The following is this blog’s latest entry in its self-anointed Laurel & Hardy Month. Not sure what that means? Click on the above image to find out!
Thus far this month, we have tried to showcase some of the best biographical books about Laurel & Hardy. But some authors, sadly, didn’t aim very high. We wanted to highlight these books as well in order to let the reader beware — and to, let’s face it, give you a derisive laugh or two!
Let’s start with a book that was at least initially well-intended…
A Fine Mess!, by Richard J. Anobile (1975)
A Fine Mess! might be of limited value to those Laurel & Hardy buffs who literally want to study their heroes’ movies frame by frame. The book’s excerpts are taken from The Crazy World of Laurel and Hardy (1967), a “clip” movie compiled by “Bullwinkle” creator Jay Ward. I’ve never seen this compilation but have often read that it is one of the weaker L&H compilation movies, and this book gives me no reason to think differently.
The weakest element of the book is the style of its “author,” Richard J. Anobile. In the early 1970’s, Anobile made his reputation by reproducing frame-by-frame printed books that compiled scenes from great ’30s comedians such as The Marx Brothers and W.C. Fields. It was inevitable that Anobile would eventually get around to dissecting L&H’s work.
This frame blow-up method was welcome in the pre-video age, but these days it’s hardly the best way to analyze movie comedy, and L&H’s work suffers most by this method. Fields and the Marxes, while they certainly have their visual element, relied heavily on verbiage, so this framing method communicates their comedy fairly well. In the case of L&H’s minimal dialogue, one is left to look mostly at individual sight gags. And unless Anobile could have printed the 24 frames that each second of sound film contains, his method couldn’t possibly illustrate the joy of an Ollie double-take or a Stan eye-blink of cognition.
One is left to turn the pages at a rapid rate a la an old “flip book” and try to imagine the movie as it really ought to be. Laurel and Hardy’s comedy isn’t completely obliterated by Anobile’s method, but still, one is better advised to look for the McCabe or Skretvedt biographies, which distill L&H’s comedy far less clinically and more lovingly.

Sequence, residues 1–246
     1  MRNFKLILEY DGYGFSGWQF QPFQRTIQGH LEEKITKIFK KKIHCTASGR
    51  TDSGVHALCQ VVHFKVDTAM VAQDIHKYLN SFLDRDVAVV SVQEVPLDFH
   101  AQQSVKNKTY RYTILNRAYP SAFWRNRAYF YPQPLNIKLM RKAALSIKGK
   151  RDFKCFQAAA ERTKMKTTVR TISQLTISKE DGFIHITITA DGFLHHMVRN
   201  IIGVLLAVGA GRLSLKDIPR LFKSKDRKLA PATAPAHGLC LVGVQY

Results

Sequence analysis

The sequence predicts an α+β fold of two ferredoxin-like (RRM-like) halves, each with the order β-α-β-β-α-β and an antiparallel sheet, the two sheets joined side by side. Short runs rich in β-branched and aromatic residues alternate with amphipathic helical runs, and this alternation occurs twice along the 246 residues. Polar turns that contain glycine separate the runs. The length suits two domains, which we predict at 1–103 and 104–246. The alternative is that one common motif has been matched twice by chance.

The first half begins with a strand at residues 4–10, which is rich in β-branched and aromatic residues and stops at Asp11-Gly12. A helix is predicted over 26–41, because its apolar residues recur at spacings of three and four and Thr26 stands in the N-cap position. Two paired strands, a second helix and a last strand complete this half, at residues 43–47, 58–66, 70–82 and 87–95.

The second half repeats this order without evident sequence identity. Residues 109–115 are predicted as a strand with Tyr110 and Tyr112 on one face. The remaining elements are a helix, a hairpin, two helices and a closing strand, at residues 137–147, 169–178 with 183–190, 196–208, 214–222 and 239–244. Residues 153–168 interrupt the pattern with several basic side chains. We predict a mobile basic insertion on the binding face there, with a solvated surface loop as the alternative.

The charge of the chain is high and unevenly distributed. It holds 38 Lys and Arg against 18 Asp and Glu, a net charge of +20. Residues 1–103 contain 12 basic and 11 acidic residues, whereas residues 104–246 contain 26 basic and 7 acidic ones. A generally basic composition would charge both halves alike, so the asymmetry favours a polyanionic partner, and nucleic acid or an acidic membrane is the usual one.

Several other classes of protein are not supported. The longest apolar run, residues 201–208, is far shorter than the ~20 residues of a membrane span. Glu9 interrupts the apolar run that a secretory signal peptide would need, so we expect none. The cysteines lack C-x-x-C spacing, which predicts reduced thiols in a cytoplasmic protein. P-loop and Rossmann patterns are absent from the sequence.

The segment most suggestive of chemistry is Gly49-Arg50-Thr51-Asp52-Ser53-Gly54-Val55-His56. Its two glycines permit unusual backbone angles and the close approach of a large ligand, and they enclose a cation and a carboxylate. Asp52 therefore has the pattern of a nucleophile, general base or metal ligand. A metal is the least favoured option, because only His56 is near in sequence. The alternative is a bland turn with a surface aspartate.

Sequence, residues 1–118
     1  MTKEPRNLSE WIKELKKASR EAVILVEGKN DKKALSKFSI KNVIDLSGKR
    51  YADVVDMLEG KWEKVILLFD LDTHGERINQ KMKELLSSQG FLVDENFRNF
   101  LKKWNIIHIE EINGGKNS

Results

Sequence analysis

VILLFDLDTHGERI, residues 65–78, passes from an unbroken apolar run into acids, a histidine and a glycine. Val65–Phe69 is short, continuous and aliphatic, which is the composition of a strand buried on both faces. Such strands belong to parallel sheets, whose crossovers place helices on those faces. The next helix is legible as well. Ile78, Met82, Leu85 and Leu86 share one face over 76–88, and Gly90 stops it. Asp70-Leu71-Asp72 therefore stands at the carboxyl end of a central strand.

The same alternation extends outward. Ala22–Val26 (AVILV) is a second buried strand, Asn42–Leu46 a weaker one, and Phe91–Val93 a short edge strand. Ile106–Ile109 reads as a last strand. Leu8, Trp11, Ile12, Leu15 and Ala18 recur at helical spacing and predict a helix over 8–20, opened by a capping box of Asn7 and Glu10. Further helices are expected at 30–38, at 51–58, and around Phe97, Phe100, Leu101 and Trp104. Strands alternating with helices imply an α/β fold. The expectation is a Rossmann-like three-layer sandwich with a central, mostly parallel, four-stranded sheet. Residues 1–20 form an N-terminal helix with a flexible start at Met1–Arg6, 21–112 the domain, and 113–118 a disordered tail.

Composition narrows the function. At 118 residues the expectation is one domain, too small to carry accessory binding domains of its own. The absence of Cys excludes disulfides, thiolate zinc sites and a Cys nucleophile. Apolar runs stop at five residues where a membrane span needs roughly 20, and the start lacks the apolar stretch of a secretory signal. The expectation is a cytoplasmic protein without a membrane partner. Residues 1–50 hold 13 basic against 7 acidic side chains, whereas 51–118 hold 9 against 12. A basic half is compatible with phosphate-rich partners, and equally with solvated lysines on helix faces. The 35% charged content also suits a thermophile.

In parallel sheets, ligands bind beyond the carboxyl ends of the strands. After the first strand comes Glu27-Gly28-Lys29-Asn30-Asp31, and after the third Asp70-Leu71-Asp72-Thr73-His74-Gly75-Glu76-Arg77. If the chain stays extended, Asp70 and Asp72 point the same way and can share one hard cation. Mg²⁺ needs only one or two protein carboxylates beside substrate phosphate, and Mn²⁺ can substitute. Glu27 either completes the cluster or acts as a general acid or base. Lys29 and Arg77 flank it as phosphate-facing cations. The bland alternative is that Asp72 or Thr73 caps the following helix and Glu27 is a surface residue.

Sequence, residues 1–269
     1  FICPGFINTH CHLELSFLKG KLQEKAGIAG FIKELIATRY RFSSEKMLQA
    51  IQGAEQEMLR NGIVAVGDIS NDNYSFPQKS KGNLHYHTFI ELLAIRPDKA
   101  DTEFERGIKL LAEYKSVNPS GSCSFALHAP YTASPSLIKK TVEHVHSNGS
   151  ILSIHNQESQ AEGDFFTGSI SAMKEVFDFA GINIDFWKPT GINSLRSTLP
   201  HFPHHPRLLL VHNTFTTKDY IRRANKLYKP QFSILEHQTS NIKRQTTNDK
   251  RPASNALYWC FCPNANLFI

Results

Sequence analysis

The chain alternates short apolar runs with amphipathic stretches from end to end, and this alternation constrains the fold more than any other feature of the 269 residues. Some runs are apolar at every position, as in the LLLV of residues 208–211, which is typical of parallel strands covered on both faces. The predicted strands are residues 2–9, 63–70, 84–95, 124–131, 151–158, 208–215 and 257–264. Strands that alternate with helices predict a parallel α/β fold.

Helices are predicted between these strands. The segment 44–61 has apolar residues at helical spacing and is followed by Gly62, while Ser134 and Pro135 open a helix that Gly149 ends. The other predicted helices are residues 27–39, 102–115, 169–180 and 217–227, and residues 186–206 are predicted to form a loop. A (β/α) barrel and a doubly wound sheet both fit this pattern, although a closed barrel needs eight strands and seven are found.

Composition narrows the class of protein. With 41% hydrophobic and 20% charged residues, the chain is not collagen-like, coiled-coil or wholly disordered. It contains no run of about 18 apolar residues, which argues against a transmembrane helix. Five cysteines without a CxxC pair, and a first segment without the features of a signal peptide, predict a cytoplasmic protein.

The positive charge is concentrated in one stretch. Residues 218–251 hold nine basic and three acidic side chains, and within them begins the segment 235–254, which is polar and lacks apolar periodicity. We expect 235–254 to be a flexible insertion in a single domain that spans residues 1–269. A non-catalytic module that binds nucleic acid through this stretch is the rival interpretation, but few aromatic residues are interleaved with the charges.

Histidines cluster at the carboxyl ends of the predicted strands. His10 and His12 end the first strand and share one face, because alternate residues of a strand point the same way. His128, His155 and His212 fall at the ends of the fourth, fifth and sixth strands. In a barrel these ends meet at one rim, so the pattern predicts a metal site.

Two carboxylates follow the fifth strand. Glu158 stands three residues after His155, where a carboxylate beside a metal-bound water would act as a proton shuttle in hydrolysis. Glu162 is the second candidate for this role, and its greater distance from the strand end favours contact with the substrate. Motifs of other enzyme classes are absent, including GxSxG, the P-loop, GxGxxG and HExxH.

The Laurel & Hardy Scrapbook, by Jack Scagnetti (1976)
Virtually the only virtue of The Laurel & Hardy Scrapbook is that it has some very nice casual photos of Stan and Babe that I’ve not seen anywhere else. Otherwise, the book contains: the standard information on how the boys teamed; misinformation in some photo captions (for example, claiming that Stan’s finger-lighting trick from Way Out West was prefaced by Stan’s pouring gasoline on his fingers [kids, don’t try this at home!!]); and worst of all, “promotional” material for Larry Harmon’s abysmal L&H cartoons and a short-lived L&H pizza-restaurant chain. The best L&H books are a labor of love; this one is a labor to endure.
Stan: The Life of Stan Laurel, by Fred Lawrence Guiles (1980)
This book is as far removed from a reverential, John McCabe-type biography as L&H’s Hal Roach films are from their Fox features. Guiles has achieved the dubious goal of painting Stan Laurel as the typical womanizing, alcoholic, cold-blooded Hollywood idol — much, in fact, like the silent-film-star stereotype whom Laurel fan Dick Van Dyke portrayed in Carl Reiner’s The Comic (1969). Guiles admits in his introduction that he relied heavily upon the memories of Laurel’s ex-wife Ruth, and predictably, the ex doesn’t paint a pretty picture.
Guiles also takes great liberties in making some of his points. One example is his supposition that The Music Box came about because Stan’s ideas had dried up and one of his gagwriters suggested, “in desperation,” that L&H remake their silent hit Hats Off. (Considering that the movie went on to become their most celebrated, award- [their only Oscar] and otherwise, all artists should have such dry spells.)
The book is quite readable but finally ends up as another attempted debunking of a comedy great. Since Laurel was among the first to point out his own flaws, this attempt to display every one of them often comes off as strident. Though the author acknowledges John McCabe’s help in assembling his story, one imagines McCabe himself regretting the collaboration.
The Boys: The Cinematic World of Laurel & Hardy, by Scott Allen Nollen (1989)
If Charles Barr’s book Laurel & Hardy is academic analysis that makes sense, The Boys is the antithesis. Despite the book’s dedication “to all people who have laughed at a Laurel and Hardy film,” and an attempt at legitimacy by sporting a foreward by seminal L&H biographer John McCabe, most of the book comes across as the same sort of literary pretentiousness that Laurel himself poo-poos in McCabe’s foreward. It offers a few interesting insights, but not enough to actively seek out the book. Far from reflecting the author’s admiration for L&H, the book seems mostly intent on showing its author in a bright academic light (Look, Ma! My own book!), and it mostly fails.